After I got sick, I filed my short term disability claim with my HR department almost immediately, and despite this I still had to wait two weeks for anything to kick in. This is where savings and hardship withdrawal from my 401K came in to save the day.

There was a little bit of back and forth getting the insurance company the information needed from the doctor and filling out paperwork, something I had to keep doing to update every month, but the delay in getting payment was never more than a week and having short term disability literally kept us off the streets.

This was how it was for the first 6 months of being chronically sick, at which point my short term disability ended and everything was transferred to the long term disability insurance company.

I was told that all the medical information I had sent in for my short term claim would be sent over to the other insurance company, so I just had to fill out some paperwork and submit my claim.

With the short term disability, I had become accustomed to my agent warning me if they didn’t have enough information to approve something so that I could send it to them, which led me to wrongly assuming it would be the same way with the long term disability.

Unfortunately, it wasn’t.

After a week or so of waiting to hear back on my claim I decided to call in and find out what was happening. My insurance agent seemed very nice and seemed to want to be helpful. She told me that I was eligible to receive 60% of my paycheck for up to two years for my condition, and I should be able to receive my first payment by the end of the month.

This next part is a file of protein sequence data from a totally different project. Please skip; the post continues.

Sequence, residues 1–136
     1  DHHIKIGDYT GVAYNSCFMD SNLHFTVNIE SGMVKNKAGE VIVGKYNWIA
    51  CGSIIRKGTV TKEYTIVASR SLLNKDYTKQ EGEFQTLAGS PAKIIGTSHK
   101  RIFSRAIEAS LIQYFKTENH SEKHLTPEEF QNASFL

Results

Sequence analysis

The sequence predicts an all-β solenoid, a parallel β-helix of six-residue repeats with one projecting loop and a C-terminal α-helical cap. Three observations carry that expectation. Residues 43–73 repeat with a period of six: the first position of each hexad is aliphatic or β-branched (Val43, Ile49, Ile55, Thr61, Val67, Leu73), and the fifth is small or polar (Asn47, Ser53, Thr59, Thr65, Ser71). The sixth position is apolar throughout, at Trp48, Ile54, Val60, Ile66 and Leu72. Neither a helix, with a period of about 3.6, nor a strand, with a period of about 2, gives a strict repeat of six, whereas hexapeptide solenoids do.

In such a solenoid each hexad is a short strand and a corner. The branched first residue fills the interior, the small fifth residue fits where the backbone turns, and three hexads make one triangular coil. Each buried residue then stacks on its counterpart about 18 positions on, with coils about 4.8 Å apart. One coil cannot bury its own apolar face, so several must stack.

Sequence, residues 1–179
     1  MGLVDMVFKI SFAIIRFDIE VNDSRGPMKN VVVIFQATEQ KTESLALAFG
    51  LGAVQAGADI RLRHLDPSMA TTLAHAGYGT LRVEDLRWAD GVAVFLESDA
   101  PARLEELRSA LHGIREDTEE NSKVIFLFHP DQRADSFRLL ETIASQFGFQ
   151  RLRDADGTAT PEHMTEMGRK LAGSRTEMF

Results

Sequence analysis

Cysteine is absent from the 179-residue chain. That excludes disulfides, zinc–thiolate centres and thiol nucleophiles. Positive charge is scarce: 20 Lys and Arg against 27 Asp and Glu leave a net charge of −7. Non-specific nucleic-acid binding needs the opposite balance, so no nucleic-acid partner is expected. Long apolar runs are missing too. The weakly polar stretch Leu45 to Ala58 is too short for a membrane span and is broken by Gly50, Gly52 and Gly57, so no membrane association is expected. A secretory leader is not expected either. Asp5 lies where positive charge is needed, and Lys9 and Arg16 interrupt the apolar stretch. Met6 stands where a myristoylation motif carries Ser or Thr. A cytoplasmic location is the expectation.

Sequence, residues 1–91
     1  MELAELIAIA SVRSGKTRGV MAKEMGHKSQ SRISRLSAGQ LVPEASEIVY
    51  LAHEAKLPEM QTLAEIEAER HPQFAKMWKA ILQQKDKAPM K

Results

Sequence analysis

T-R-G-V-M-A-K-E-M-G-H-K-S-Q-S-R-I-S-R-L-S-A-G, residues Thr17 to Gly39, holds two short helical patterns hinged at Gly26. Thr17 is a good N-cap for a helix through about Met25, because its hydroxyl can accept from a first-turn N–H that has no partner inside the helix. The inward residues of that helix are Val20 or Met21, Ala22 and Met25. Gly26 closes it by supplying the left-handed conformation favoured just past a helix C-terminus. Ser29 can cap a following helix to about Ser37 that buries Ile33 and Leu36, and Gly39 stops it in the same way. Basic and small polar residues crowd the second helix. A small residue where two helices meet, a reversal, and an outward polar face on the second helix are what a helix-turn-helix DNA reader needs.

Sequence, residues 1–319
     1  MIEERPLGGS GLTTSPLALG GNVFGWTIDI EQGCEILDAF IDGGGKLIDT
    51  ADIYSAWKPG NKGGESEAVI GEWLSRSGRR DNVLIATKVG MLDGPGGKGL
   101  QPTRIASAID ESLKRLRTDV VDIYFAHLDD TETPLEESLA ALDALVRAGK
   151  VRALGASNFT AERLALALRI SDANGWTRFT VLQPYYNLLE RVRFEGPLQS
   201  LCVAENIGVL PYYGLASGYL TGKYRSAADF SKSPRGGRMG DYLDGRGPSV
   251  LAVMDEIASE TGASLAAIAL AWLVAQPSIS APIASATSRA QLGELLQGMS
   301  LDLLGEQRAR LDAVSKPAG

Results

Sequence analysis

Then a couple weeks later I was told I needed to be interviewed by a nurse. When I queried this, as my doctor had already confirmed my diagnosis, I was advised that my case was approved by the nurse to be passed on to the executive who would give final approval on the claim. Again, I was given the feeling everything looked great and would move along quickly.

Without warning, I received a voicemail informing me that my claim was being denied due to lack of clinical information supporting my diagnosis. I was advised that I could resubmit my claim within 6 months with any additional information that would support it.

I called in to query how they could possibly lack clinical information since I had sent in a huge stack of test results and doctors notes, and I was told they were missing any sort of clinical test results from my MRIs or ultrasounds, or even blood tests. That seemed pretty impossible to me so I requested a packet of everything that had been reviewed to determine my claim denial.

Within a month I received a packet including a denial letter and a copy of my complete file. I was shocked to find that there were factually blood tests and other notes of test results included. I didn’t understand how, even if these things were missing, no one could have mentioned it and given me a chance to include it. But when I found it was included, I knew that they clearly had no plans to approve my claim the first time anyway.